The garden is so hidden from view of those driving by on County Farm Road in Wheaton that it has come to be known as "The Secret Garden." But to residents of the DuPage County Convalescent Center, the garden is all but a secret -- it's an integral part of their lives.
"It's like almost an oasis when you go out there," resident Edward "Skip" Meyer said. "You don't realize where you are. It's a great chance to get away and enjoy nature out there."
Contact information ( * required )
If you goWhat: DuPage County Convalescent Center Garden Walk
When: 1 to 4 p.m. Sunday, July 22
Where: DuPage County Convalescent Center, 400 N. County Farm Road, Wheaton
Info: (630) 665-6400
The center's garden club meets Thursdays and offers residents a chance to tend to their own 6-foot space, where they can grow flowers or plants of their choice. The club also teaches residents about things like garden diseases, herbs and cooking vegetables.
The DuPage County Convalescent Center will give the community a chance to view the work of the center's residents at its second Garden Walk from 1 to 4 p.m. Sunday, July 22.
"I think it would just really be uplifting for them to be able to show off something they take pride in," said Julie Moore, who volunteers at the center and works with residents in the garden. "It is so unexpected what you see there."
The garden club was started some 30 years ago by a woman who worked at the center and noticed there were residents who wanted a space behind the building to garden. Raised garden beds were installed that year so residents in wheelchairs would have the chance to participate.
"The garden allows them to be part of a like-minded community," said Henry Parker, recreation therapy coordinator and garden supervisor. "It builds a base of knowledge. They feel like they're still learning something new."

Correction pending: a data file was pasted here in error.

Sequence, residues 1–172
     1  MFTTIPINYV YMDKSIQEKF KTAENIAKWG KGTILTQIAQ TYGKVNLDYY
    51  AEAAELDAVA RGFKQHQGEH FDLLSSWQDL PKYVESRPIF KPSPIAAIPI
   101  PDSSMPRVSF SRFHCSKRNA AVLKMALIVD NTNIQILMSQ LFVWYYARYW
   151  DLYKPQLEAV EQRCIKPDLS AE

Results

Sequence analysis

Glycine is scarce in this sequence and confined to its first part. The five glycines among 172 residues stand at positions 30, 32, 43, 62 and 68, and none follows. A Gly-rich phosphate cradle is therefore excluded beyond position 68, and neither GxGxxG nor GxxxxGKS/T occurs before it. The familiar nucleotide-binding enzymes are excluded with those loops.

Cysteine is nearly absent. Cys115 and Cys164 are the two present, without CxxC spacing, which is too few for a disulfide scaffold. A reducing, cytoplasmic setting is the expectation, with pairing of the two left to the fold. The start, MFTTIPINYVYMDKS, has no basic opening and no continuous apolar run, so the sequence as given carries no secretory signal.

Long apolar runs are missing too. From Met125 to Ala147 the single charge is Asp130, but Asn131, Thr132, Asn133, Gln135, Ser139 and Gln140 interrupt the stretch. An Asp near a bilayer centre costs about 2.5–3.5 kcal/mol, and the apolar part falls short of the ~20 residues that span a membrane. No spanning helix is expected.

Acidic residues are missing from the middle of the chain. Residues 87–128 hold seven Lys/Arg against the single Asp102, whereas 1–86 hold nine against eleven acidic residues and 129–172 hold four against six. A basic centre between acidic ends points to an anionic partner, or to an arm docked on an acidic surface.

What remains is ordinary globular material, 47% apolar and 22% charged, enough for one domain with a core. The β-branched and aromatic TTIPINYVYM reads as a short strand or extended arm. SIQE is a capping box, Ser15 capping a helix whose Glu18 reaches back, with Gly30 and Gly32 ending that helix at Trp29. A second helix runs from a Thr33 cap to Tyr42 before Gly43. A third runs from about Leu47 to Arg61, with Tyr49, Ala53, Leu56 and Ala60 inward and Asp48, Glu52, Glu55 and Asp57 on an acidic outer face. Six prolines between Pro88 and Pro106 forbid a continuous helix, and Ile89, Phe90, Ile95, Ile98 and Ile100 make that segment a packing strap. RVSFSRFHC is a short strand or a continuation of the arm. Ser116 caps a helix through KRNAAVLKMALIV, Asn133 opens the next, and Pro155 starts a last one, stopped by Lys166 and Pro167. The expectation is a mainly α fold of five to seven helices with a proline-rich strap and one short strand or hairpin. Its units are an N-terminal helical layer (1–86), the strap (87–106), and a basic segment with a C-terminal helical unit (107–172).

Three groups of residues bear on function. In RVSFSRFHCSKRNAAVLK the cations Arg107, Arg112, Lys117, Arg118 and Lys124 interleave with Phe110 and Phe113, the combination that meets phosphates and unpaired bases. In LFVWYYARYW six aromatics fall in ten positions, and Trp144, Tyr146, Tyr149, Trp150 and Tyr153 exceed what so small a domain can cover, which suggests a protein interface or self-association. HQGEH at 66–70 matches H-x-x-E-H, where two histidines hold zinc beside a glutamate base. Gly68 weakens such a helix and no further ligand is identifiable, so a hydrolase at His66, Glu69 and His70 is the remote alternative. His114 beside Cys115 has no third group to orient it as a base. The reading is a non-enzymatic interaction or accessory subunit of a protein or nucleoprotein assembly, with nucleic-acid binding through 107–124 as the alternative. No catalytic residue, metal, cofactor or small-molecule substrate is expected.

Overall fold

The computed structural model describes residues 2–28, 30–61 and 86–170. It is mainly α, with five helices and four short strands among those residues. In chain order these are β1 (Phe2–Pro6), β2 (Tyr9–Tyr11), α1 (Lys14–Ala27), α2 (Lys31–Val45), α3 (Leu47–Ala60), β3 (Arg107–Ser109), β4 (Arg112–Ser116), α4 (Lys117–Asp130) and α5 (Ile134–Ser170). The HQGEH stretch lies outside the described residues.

Parker said the residents enjoy participating in produce contests, which increases their self-esteem.
"A lot of them grow vegetables, and they love to each year enter their vegetables in the county fair," Moore said. "That's something that's really important to them."
Moore said the club members take pride in receiving prize ribbons. But that's not to say they garden only for themselves -- the group also donates extra produce to local food pantries, and last year donated 100 pounds to feed the homeless.
"They feel like they're so often on the receiving end of good deeds, that knowing their work is helping others is really neat for them," Moore said.
Many residents had a former love of gardening, and the club brings a little bit of what they used to do in their home back to them, Moore said.
Meyer, 56, is one such resident. Meyer has participated in the club since coming to the center in September and, for him, gardening is a way to connect with past family traditions.
"My grandma and mom were always gardening when I grew up, so I enjoy being able to go on with that and extend that idea," he said.
Parker said the club gives residents something to share with their families when they visit and has helped them develop close friendships with staff and volunteers. The therapeutic benefits are endless, he says.
"There have been all sorts of studies out there that show that there's a correlation between mental, physical and emotional health and being outside and working outside," Parker said. "Just by being there, it lowers your blood pressure, it calms you."
The center recently received a Quality of Life grant from the Christopher and Dana Reeve Foundation. The grant funded the Gardening Year Round project, which will extend the garden program to the winter months.
At the heart of the project is the design and installation of a 560-square-foot, wheelchair-accessible Cutting Garden of Everlastings. In this garden, flowers have been planted in separate color rays, with a brick path down the center that allows residents to immerse themselves in the center of the garden.
The garden's flowers will be cut, dried and preserved for use in craft projects during the winter season.
Parker says the Cutting Garden of Everlastings serves another function: to be a more viewable space the community will appreciate.
"With these changes, and how beautiful it's become, what's happening is more and more people are becoming aware of our gardening program," he said. "It's making people aware that we're not just a health facility that gives people medicine. We care about the whole person."
Parker recalls a woman at the center who was very ill. Doctors were worried about her health, but she had a rather different concern.
"She said, 'I have to get better because I have to take care of my garden,'" Parker said.
And, lo and behold, she did -- and the first thing she asked was to be taken out to her garden space.
"It gives them a reason to live, a purpose," Parker said. "It gives them a sense that they belong."